What It Takes to Get into Pharmacy School
By Jennifer LeClaire | Monster Contributing Writer
The well-publicized pharmacist shortage has led to stiffer competition for students with apothecary dreams. Colleges big and small, flooded with promising talent, are forced to become more selective about who gets acceptance letters.
What can you do to give yourself a competitive edge in the admissions process? A lot depends purely on academics: higher-than-average grades in math and science and good achievement test scores. But certain extracurricular activities could pay dividends with decision makers as well.
Admissions officers say job shadowing, industry experience and even publication of scientific research and patents are giving aggressive students a leg up.
“Understand what the profession entails,” suggests Karen Condeni, vice president and dean of admissions and financial aid for Ohio Northern University’s Raabe College of Pharmacy. “Shadow a pharmacist. Pick [a pharmacist’s] brain about what kind of things are part of a typical day.”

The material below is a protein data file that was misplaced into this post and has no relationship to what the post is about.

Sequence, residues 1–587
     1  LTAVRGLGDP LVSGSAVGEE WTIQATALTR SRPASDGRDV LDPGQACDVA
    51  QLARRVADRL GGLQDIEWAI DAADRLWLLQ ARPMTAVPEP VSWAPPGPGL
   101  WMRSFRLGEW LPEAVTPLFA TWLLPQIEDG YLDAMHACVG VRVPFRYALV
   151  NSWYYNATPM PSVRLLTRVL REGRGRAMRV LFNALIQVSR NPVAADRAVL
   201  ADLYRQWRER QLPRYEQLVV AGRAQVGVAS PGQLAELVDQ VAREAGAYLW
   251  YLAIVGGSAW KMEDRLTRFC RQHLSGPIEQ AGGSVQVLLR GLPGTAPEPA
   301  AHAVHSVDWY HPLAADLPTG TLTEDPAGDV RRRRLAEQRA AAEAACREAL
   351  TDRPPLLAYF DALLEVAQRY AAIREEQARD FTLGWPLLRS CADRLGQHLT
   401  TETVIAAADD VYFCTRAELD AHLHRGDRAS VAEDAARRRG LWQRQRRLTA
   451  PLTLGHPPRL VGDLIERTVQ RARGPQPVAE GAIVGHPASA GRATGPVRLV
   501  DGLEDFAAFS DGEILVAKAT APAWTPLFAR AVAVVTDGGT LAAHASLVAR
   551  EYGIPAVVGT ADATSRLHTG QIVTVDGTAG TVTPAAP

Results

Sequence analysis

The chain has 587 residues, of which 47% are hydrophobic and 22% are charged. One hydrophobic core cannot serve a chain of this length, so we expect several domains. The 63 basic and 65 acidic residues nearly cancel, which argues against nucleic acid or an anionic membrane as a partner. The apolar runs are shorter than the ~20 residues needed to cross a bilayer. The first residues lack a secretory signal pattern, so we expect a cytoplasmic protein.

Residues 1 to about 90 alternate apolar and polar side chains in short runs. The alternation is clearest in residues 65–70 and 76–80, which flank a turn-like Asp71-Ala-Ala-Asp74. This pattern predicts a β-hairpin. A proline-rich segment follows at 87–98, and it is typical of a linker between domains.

Experts say pharmacy technician experience is also a plus. Smaller institutions like Harcum College in Bryn Mawr, Pennsylvania, are developing programs that help determined pharmacy hopefuls stand out from the pack. Harcum offers a three-month pharmacy tech certification course that gives ground-floor exposure to the daily grind in aspects of pharmacy including hospital, retail, mail order, home infusion and institutional.
“This program is a good way for students to begin their paths towards higher-level pharmacy options and acts as a launching pad to enter pharmacy school,” says Tom Sorge, dean of Harcum College’s School of Continuing Studies. Sorge says Harcum is in talks with area pharmacy colleges about establishing a feeder program that would give Harcum students an advantage.
Publishing and Patents
High school students today are vying for pharmacy college classroom space by forging into territory once reserved for more mature academicians: publishing scientific research and winning patents on unique concepts.
“When we visit high schools, we ask students who are involved in scientific research to raise their hands — more and more are raising their hands,” says Robert Gould, vice president of enrollment management for Albany College of Pharmacy in New York. “On their applications, we are beginning to see that some high school students are publishing. Some are actually getting patents. Those are the things that really make students in our applicant pool stand out.”